It's difficult to imagine these days that in 2008, rising airfares and an ailing economy were the issues that kept travel agents up at night the most, while terrorism and disease barely registered. When Travel Weekly's Travel Industry Survey asked agents in 2008 what issues would most negatively impact their business over the next two years, terrorism was cited by just 14% of agents, while rising airfares and fees topped the list.
In an almost complete reversal, airfare and fees dropped to 23% this year while security/terrorism fears overtook all concerns at 68%.
Although the overall shift has been gradual, the 2016 survey shows a dramatic change even from 2015, when rising airfares and fees were still the single most-cited issue, with 43% of agents saying they believed the cost of air travel would have the most impact on their bottom line over the next two years. Reflecting the recent Zika and Ebola outbreaks, foreign health issues jumped from a mere 4% in 2008 to 32% this year.
Travel Weekly contributing editor Jeri Clausing talked to Phil Otterson, president of Abercrombie & Kent USA, about how traveler concerns about global tensions, terrorism and security are affecting the industry, and what A&K is doing to address the issue.
Q: Do these survey results surprise you at all?
A: No. I've been in the business for, I hate to tell you how long. I can think back to 1985 when for me, personally, the first terrorism incidents occurred. That would have been the hijacking of the TWA flight [in Athens], with the famous picture of a gun being held to the pilot's head. And the Achille Lauro was the same year, where [hijackers] threw Leon Klinghoffer's body overboard. That was the first time I had really experienced that, and I remember traveling to Europe soon after and seeing soldiers with machine guns in the Vienna airport. So this has been with us my entire career.
I think we go through difficult times throughout history when we are all more aware, and it is up to tour operators and travel companies to mitigate these issues as much as they possibly can.
One of the secrets to A&K's success when it comes to this issue is that we have local contacts through our own employees. We have hundreds of employees in Egypt, for instance, which gives us a higher level of safety [through information about potential concerns before they are more broadly recognized.]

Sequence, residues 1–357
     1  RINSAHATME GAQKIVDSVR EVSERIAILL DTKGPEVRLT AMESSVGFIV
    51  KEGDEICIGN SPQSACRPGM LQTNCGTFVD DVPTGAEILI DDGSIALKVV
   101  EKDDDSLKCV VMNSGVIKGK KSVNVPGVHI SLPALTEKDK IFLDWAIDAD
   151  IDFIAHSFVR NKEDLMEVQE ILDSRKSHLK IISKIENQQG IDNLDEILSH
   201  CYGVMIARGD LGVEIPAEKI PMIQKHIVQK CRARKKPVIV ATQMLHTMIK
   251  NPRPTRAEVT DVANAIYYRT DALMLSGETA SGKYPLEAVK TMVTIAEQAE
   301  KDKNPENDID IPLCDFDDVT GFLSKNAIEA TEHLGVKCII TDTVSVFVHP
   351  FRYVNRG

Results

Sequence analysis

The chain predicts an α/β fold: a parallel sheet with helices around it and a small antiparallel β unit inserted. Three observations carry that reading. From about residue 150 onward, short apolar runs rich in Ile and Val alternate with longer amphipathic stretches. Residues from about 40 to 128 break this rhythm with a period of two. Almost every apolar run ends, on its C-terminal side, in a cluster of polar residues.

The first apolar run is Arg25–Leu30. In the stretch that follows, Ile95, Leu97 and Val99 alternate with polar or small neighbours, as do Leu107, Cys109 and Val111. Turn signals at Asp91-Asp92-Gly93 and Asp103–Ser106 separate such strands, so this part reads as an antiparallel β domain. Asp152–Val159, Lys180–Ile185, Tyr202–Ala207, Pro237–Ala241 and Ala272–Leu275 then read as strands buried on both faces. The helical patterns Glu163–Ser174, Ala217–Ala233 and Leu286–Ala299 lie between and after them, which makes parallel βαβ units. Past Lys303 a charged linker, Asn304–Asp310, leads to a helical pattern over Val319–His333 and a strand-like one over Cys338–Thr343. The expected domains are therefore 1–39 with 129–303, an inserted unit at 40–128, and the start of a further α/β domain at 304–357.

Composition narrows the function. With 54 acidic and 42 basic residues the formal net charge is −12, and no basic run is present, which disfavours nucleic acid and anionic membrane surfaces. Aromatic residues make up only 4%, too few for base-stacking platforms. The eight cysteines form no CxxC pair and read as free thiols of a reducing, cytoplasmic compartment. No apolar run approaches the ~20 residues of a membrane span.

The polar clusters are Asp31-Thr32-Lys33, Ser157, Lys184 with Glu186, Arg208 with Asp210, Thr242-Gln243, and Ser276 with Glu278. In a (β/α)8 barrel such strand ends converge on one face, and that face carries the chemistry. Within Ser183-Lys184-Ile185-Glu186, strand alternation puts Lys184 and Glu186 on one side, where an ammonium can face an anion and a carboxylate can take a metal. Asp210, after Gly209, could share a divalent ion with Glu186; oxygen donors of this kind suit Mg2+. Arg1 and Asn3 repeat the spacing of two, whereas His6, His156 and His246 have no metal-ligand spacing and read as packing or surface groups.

Q: Even with this knowledge, how do you help assuage client concerns after there is an incident, to reassure them without promising them that they will be safe, which we know no one can guarantee?
A: It really comes down to relaying honest information, that there is an issue that happened somewhere, a natural disaster or an event. The important thing is to be honest and accurate in your description. When an incident occurs, we will immediately be in contact with our [local agents]. We create a holding statement that we will be able to communicate. Then we take every precaution to provide the safest atmosphere that is possible. We have a lot of experience and local connections. It's not like Joe Blow Tours.
Q: What impact did you see following the recent terrorist attacks in Europe? Did you have a lot of cancellations?
A: We didn't see a lot of cancellations from France or other parts of Europe. I think it's fair to say that bookings in Europe are soft this year, but they are stronger for next year, so we are gaining momentum.
I think that the desire to travel and the desire to be free to travel is an American attribute, that "I don't think about it" attitude. If I am going to London tomorrow, it never occurs to me that the plane may crash or there may be an attack. It's not going to happen. I'm going to be safe. I'm going to do my work and come home. That's the feeling that overrides the fear of travel. I think that there is a lot of resilience that comes from the current acts around the world that have been happening.
Q: What kinds of changes do you make in response to, say, the terrorist attacks in Nice, France? Do you recommend that travelers going to Africa book flights that avoid European connections or change your marketing strategies?
A: There is always going to be a certain segment of the population that stays home. But I don't think that's our demographic. We have not made any changes like that. We are always very cognizant of safety, depending again on our local connections.
I think the patterns that we have seen related to events are usually short term. I don't think anyone in their right mind thinks there's never going to be another hurricane, another earthquake or another terrorist attack. So what we have to do is adjust our mindset and choose a company to travel with that is reliable and is in touch locally.
Q: What impacts are you seeing in different markets right now from things like Zika and terrorism? What markets are strong and what markets are soft? I assume Turkey is not very popular.
A: No doubt, our bookings to Turkey are down, and bookings to Iceland are up. South America has been soft. But now it is coming back. There has been fear of Zika. I think the Olympics [and the absence of Zika cases there] were really a positive sign for that. People watched, and the "Z word" didn't come up. They were more worried about Ryan Lochte.
Europe and South America are two areas where it has been softer in the past year, but both are showing resilience and coming back.
Q: What about Africa?
A: Africa is strong. We've had a rocky road in the past but that resilience of short memories has kicked in and is very positive. The [modern luxury] safari, the ultimate adventure trip that we invented in 1962, is still viewed as one of the most adventurous, exciting things to do.